Ouch: “‘The oil is gushing and we’re being lied to by how much oil is gushing … and the administration has now named a commission,’ Cokie Roberts said derisively. ‘Now this is what you do when you really don’t have anything else to do: you name a commission,’ she said. ‘That’s not going to stop the oil.'” Donna Brazile had harsh criticism as well, and when Obama loses Donna Brazile, you know he’s hitting rock bottom.

Awww (subscription required): “The muted conservative response is in marked contrast to the unease among some liberal activists toward [the nomination of Elena] Kagan. Obama, they say, made a ‘safe choice’ that was more appropriate for a Senate with a 52-seat Democratic majority rather than the 59-seat advantage (counting independent Bernie Sanders of Vermont) that the party holds. These disappointed liberals say that Obama, once again, has turned his back on them.”

Thunk! Maureen Dowd writes a column on Richard Blumenthal that’s daft even for her: “‘I think that lies are like wishes,’ said Bella DePaulo, a psychology professor at the University of California at Santa Barbara. … But chronic puffer-uppers can have impressive public service careers.” I don’t have a degree in psychology, but I think lies are like lies.

Sigh: “The heads of the Democratic and Republican parties on Sunday criticized controversial comments made by two Senate hopefuls in their own parties, but each stood behind their candidacies [Rand Paul and Richard Blumenthal].” Well, party chairmen are paid to defend the indefensible, I suppose. And really, does any ordinary voter care what Michael Steele and Tim Kaine say?

Aaargh! “‘I was offered a job, and I answered that,’ [Joe] Sestak said. ‘Anything that goes beyond that is for others to talk about.'” He was bribed by the White House to get out of the Senate primary race and isn’t going to talk about it? I think an ethics probe and a special prosecutor are in order. It is a crime, after all, to bribe a candidate.

What??! Marc Ambinder, who, as Mickey Kaus once put it, spins more furiously for Obama than a dreidel, has this to say about the alleged White House offer to Sestak: “In essence, if this White House ascribes to a higher ethical standard, then it might want to agree to some investigation even if it believes there is no legal merit.” Because after all, the administration’s own conclusion about its wrongdoing is basically conclusive, right?

Whoopee! (for Republicans): “Republican Charles Djou won a special congressional election in Hawaii Saturday night, giving the GOP a boost as it attempts to retake the U.S. House in the November elections. … Mr. Djou will become the first Republican to represent Hawaii in 20 years. Hawaii is a traditionally Democratic stronghold that is President Barack Obama’s native state.” Democrats say this doesn’t really matter because the votes were divided by two feuding Democratic candidates. Besides, only special elections that Democrats win are bellwethers.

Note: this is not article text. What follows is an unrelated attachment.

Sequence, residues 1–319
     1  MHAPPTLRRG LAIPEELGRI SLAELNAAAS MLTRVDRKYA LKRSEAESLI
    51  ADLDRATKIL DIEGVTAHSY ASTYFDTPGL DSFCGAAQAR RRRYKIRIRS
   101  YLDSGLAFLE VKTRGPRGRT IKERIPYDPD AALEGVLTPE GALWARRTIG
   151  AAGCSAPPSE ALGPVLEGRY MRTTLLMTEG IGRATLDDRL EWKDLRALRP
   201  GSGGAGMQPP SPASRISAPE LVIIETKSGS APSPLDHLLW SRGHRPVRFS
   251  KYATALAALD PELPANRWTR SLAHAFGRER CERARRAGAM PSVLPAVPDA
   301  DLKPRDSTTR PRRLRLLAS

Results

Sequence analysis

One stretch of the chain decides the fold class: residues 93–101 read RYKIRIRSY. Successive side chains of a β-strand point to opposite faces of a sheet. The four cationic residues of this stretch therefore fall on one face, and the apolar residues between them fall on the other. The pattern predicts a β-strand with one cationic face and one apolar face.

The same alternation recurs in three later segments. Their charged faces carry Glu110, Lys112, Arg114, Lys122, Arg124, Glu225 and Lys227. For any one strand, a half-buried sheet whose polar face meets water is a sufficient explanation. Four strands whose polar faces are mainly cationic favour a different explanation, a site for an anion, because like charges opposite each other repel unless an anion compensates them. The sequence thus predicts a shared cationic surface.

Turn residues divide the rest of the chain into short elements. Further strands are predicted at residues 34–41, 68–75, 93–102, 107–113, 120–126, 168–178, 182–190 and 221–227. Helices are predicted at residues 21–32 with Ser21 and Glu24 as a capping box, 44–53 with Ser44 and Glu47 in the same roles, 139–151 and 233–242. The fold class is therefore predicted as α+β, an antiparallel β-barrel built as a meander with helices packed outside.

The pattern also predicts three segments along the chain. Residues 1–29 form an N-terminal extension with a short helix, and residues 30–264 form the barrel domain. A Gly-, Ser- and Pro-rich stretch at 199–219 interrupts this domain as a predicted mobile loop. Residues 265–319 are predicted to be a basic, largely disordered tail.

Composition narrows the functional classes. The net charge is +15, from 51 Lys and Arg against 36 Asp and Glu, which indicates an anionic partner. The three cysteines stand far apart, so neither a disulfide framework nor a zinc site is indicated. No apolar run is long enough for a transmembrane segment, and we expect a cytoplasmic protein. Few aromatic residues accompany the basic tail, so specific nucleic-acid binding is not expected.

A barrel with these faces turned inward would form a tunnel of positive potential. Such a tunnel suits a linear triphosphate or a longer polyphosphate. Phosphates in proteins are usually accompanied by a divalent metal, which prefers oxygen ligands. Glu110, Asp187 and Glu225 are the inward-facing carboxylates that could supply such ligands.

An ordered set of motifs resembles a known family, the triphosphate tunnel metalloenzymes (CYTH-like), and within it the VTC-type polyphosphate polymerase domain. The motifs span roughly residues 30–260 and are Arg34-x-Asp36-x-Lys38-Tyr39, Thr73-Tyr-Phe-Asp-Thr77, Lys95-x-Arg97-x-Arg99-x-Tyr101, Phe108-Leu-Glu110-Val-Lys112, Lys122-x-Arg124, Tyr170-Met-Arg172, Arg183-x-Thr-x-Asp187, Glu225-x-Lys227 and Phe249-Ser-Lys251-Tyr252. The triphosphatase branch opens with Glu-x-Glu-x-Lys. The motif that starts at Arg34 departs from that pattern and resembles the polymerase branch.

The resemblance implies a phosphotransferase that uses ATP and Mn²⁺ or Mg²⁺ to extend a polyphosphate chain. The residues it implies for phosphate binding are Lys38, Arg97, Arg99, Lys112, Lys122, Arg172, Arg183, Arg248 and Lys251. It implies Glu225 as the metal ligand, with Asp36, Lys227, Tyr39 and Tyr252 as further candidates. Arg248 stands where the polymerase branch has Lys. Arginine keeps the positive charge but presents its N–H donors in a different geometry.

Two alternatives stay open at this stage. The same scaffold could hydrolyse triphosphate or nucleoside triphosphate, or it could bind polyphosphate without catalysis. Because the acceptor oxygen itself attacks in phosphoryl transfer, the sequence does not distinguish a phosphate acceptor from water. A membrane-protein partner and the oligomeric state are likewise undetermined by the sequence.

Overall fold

Yikes! John Kerry is back in Syria sucking up to Bashar al-Assad. And this is no comfort: “Senator Kerry has emerged as one of the primary American interlocutors with the Syrian government.” Yes, that’s part of the problem.

Oooh: “Iran’s parliament speaker earlier Sunday repeated threats that Iran would abandon a nuclear fuel swap plan brokered by Brazil and Turkey if the United States imposes new sanctions on the Islamic state.” So don’t be passing any useless sanctions or the mullahs will reject the meaningless Brazil-Turkey deal. The only thing more absurd (and more dangerous) is Obama’s Iran policy. (Come to think of it, it’s not clear he has one.)

Ouch: “‘The oil is gushing and we’re being lied to by how much oil is gushing … and the administration has now named a commission,’ Cokie Roberts said derisively. ‘Now this is what you do when you really don’t have anything else to do: you name a commission,’ she said. ‘That’s not going to stop the oil.'” Donna Brazile had harsh criticism as well, and when Obama loses Donna Brazile, you know he’s hitting rock bottom.

Awww (subscription required): “The muted conservative response is in marked contrast to the unease among some liberal activists toward [the nomination of Elena] Kagan. Obama, they say, made a ‘safe choice’ that was more appropriate for a Senate with a 52-seat Democratic majority rather than the 59-seat advantage (counting independent Bernie Sanders of Vermont) that the party holds. These disappointed liberals say that Obama, once again, has turned his back on them.”